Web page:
Needless to say, that did not go over well with Thomas.

“They had multiple people come in and talk to me about what’s more important,” Thomas recalled. “I definitely wasn’t trying to hear that at that point in time.”

Not only because of his competitive nature, but also because the Celtics were in the Conference finals for the first time since 2012.

“Conference finals, that’s the biggest stage I’ve ever been on,” Thomas said. “To not be able to go back out there in the second half … was painful; it hurt me.”

Now Thomas finds himself having to be patient and allow his body to heal up, realizing the big picture – his future – has to take precedence over what he’s accustomed to this time of year which is to take a couple weeks off and get right back in the gym to start working on his game and prepping for next season.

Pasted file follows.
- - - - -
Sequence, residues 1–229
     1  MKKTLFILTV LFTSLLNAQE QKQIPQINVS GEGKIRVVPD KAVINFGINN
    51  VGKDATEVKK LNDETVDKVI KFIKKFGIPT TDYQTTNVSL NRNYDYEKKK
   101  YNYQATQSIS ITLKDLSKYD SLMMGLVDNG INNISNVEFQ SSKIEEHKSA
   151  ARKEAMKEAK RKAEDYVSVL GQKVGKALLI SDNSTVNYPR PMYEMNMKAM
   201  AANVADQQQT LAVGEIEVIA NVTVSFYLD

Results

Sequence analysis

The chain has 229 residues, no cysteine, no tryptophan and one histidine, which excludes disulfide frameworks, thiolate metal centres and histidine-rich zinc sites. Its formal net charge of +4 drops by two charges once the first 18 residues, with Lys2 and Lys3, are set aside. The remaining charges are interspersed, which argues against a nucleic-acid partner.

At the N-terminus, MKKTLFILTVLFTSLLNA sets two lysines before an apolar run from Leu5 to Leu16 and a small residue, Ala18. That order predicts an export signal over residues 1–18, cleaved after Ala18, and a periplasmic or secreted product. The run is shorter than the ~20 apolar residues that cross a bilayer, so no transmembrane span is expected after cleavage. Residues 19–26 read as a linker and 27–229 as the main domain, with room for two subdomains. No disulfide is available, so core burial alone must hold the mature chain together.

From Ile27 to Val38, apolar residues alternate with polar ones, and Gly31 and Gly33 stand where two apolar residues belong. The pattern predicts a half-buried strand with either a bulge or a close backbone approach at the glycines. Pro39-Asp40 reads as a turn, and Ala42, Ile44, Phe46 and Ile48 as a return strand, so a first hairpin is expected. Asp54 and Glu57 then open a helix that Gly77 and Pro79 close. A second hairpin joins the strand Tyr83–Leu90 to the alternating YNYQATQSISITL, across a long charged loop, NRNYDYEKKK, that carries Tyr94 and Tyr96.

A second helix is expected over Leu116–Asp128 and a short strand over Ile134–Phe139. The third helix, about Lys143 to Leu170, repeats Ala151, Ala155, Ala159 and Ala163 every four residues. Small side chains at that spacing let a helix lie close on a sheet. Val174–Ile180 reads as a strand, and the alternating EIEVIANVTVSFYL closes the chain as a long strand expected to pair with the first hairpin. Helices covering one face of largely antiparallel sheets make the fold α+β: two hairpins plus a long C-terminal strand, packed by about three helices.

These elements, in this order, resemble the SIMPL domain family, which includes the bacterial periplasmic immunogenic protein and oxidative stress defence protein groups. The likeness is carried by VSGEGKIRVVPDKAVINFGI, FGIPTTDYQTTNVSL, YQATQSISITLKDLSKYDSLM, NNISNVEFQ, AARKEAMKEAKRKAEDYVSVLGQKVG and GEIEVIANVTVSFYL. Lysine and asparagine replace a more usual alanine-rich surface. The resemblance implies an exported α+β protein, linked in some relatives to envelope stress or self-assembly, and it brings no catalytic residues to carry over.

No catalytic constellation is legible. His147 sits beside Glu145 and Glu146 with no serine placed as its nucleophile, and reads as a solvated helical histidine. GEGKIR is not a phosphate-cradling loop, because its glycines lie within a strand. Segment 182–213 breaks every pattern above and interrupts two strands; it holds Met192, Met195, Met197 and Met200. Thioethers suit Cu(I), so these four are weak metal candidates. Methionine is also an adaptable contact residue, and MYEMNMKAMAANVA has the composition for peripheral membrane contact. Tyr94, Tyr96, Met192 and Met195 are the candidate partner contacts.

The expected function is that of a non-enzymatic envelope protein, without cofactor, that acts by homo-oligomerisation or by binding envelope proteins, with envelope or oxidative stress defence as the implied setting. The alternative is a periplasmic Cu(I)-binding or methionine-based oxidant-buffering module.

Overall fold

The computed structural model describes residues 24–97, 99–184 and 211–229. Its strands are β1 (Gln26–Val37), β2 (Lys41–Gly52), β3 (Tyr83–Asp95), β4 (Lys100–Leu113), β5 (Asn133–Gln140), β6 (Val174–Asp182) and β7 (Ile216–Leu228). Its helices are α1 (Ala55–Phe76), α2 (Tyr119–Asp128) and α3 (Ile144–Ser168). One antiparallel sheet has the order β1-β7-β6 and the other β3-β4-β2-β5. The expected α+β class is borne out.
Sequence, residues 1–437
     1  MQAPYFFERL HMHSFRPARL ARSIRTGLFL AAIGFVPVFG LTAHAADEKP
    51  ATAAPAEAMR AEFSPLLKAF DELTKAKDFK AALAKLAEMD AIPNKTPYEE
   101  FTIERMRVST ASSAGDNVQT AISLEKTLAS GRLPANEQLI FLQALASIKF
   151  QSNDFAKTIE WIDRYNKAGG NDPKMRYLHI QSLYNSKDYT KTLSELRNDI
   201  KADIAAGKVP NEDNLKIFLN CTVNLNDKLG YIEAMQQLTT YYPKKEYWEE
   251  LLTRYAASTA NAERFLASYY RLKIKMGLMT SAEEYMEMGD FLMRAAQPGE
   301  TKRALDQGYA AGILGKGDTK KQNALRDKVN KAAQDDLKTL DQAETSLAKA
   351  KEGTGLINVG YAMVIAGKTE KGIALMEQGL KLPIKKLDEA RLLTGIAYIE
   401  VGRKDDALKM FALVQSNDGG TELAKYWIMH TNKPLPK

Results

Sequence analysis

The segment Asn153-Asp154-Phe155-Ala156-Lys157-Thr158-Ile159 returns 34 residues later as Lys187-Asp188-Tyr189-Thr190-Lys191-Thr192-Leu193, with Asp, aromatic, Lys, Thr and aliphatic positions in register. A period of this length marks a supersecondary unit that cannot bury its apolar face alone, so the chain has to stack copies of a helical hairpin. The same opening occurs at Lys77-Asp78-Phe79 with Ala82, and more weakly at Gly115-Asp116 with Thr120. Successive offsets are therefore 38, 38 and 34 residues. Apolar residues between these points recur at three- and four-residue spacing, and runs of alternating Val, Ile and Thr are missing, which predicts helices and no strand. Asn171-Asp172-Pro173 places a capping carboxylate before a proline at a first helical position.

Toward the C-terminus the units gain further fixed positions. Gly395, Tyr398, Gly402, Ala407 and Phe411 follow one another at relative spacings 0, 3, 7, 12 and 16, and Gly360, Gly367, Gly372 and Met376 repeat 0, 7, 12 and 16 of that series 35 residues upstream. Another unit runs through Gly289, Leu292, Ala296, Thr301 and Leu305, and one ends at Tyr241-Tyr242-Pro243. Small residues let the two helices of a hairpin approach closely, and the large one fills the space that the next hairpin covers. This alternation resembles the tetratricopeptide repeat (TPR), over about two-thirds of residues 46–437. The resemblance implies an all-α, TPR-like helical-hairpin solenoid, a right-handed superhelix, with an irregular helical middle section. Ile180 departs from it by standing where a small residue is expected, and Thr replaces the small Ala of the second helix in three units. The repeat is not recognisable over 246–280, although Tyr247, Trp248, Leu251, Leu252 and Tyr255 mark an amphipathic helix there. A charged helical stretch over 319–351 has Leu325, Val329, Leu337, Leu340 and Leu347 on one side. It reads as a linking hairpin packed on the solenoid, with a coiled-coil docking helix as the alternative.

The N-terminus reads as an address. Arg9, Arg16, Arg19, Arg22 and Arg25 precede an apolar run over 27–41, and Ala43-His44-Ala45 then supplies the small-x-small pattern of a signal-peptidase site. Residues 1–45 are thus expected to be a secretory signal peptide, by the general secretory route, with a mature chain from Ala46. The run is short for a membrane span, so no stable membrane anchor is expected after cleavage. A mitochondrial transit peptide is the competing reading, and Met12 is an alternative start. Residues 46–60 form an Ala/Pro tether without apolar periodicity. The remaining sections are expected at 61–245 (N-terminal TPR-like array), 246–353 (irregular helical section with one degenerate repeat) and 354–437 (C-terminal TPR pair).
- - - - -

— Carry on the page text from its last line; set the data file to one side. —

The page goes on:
Not only is this a big summer in terms of him getting his body right, but he’s also eligible for a contract extension.

When asked about an extension, Thomas quipped, “That means more money? I’d love that.”

He added, “if it don’t happen, I'm the last person to be bothered by that. I know everything happens for a reason. So when my time comes, I know … God will bless me.”

The two-time all-star will earn just $6.26 million in the final year of the four-year, $27 million deal he signed in 2014 with Phoenix.

While being hurt isn’t ideal when talks center around an extension, Thomas isn’t overly concerned about his contract status and whether or not it changes this summer.

“That time will come. Whatever happens, happens,” Thomas said. “I’ve proved myself. The world knows what I bring to the table. I can’t do anything to control anything else. Whatever happens this summer with contracts, it happens. If not, we’ll wait until next summer and see where we go.”

While his contract status may be unclear, there’s no mistaking that Thomas wants to stay in Boston long-term.

“Boston has changed my career, changed my life,” said Thomas who came to Boston via trade in February of 2015. “I’d love to be here long-term and win championships here. As you guys know it’s a business; anything can happen. And I know that, I understand that. I would love to be here. This has been everything to me.”